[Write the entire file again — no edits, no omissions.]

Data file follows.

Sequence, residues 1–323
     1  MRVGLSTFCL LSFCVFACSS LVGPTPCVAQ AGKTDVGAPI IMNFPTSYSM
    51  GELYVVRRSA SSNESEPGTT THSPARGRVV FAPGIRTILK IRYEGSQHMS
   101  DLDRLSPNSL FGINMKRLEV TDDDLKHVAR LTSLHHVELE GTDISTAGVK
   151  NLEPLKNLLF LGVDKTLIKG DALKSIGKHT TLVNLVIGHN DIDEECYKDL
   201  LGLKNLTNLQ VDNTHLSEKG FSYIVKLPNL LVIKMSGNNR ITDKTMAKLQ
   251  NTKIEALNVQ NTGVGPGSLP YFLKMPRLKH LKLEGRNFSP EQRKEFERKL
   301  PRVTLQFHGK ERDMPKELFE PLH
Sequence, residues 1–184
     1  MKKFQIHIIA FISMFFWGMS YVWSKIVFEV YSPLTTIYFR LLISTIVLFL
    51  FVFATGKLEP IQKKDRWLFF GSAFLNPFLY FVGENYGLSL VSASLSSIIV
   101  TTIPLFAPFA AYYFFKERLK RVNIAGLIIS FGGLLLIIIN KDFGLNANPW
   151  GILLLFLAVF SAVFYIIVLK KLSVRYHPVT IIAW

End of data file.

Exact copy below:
Sequence, residues 1–323
     1  MRVGLSTFCL LSFCVFACSS LVGPTPCVAQ AGKTDVGAPI IMNFPTSYSM
    51  GELYVVRRSA SSNESEPGTT THSPARGRVV FAPGIRTILK IRYEGSQHMS
   101  DLDRLSPNSL FGINMKRLEV TDDDLKHVAR LTSLHHVELE GTDISTAGVK
   151  NLEPLKNLLF LGVDKTLIKG DALKSIGKHT TLVNLVIGHN DIDEECYKDL
   201  LGLKNLTNLQ VDNTHLSEKG FSYIVKLPNL LVIKMSGNNR ITDKTMAKLQ
   251  NTKIEALNVQ NTGVGPGSLP YFLKMPRLKH LKLEGRNFSP EQRKEFERKL
   301  PRVTLQFHGK ERDMPKELFE PLH
Sequence, residues 1–184
     1  MKKFQIHIIA FISMFFWGMS YVWSKIVFEV YSPLTTIYFR LLISTIVLFL
    51  FVFATGKLEP IQKKDRWLFF GSAFLNPFLY FVGENYGLSL VSASLSSIIV
   101  TTIPLFAPFA AYYFFKERLK RVNIAGLIIS FGGLLLIIIN KDFGLNANPW
   151  GILLLFLAVF SAVFYIIVLK KLSVRYHPVT IIAW